The Atlantic looks at the problem with the way public responses to the pandemic have evolved into rituals that look “disinfecting” but really aren’t nearly as effective as other, science-supported steps could be:
Surface transmission—from touching doorknobs, mail, food-delivery packages, and subways poles—seems quite rare. (Quite rare isn’t the same as impossible: The scientists I spoke with constantly repeated the phrase “people should still wash their hands.”) The difference may be a simple matter of time. In the hours that can elapse between, say, Person 1 coughing on her hand and using it to push open a door and Person 2 touching the same door and rubbing his eye, the virus particles from the initial cough may have sufficiently deteriorated.
The fact that surface areas—or “fomites,” in medical jargon—are less likely to convey the virus might seem counterintuitive to people who have internalized certain notions of grimy germs, or who read many news articles in March about the danger of COVID-19-contaminated food. Backing up those scary stories were several U.S. studies that found that COVID-19 particles could survive on surfaces for many hours and even days.
But in a July article in the medical journal The Lancet, [Rutgers microbiology professor Emanuel] Goldman excoriated those conclusions. All those studies that made COVID-19 seem likely to live for days on metal and paper bags were based on unrealistically strong concentrations of the virus. As he explained to me, as many as 100 people would need to sneeze on the same area of a table to mimic some of their experimental conditions.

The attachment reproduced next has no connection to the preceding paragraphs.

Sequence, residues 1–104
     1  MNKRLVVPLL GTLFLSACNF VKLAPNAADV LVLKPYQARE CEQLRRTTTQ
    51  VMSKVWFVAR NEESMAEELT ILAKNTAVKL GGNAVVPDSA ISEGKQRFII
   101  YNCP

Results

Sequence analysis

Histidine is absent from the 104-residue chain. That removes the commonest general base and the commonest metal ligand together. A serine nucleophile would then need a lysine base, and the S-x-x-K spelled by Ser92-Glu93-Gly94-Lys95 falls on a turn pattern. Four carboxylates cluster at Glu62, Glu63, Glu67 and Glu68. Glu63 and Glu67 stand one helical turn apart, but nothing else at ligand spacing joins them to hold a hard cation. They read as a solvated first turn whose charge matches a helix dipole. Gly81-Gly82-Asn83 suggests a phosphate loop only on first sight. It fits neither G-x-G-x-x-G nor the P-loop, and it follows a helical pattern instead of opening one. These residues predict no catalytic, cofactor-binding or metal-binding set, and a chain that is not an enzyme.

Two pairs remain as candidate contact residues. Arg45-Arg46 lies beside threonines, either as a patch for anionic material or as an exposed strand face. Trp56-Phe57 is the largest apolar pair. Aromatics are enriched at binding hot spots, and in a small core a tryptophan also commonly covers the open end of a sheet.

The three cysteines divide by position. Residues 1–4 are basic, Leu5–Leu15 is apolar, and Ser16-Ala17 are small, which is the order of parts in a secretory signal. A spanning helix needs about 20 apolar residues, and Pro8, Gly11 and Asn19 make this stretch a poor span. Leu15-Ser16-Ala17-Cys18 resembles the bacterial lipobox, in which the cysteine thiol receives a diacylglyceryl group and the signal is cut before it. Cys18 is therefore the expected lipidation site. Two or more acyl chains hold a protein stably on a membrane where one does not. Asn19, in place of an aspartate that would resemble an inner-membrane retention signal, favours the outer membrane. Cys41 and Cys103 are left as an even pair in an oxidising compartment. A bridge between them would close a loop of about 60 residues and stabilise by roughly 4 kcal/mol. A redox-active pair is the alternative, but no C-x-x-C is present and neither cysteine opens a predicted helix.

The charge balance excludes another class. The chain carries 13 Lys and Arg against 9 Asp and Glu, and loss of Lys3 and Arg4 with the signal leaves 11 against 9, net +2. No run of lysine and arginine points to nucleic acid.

Hygiene theater can take limited resources away from more important goals. Goldman shared with me an email he had received from a New Jersey teacher after his Lancet article came out. She said her local schools had considered shutting one day each week for “deep cleaning.” At a time when returning to school will require herculean efforts from teachers and extraordinary ingenuity from administrators to keep kids safely distanced, setting aside entire days to clean surfaces would be a pitiful waste of time and scarce local tax revenue.
Finally, and most important, hygiene theater builds a false sense of security, which can ironically lead to more infections. Many bars, indoor restaurants, and gyms, where patrons are huffing and puffing one another’s stale air, shouldn’t be open at all. They should be shut down and bailed out by the government until the pandemic is under control. No amount of soap and bleach changes this calculation.
Instead, many of these establishments are boasting about their cleaning practices while inviting strangers into unventilated indoor spaces to share one another’s microbial exhalations. This logic is warped. It completely misrepresents the nature of an airborne threat. It’s as if an oceanside town stalked by a frenzy of ravenous sharks urged people to return to the beach by saying, We care about your health and safety, so we’ve reinforced the boardwalk with concrete. Lovely. Now people can sturdily walk into the ocean and be separated from their limbs.
[via Dr. Schaffner]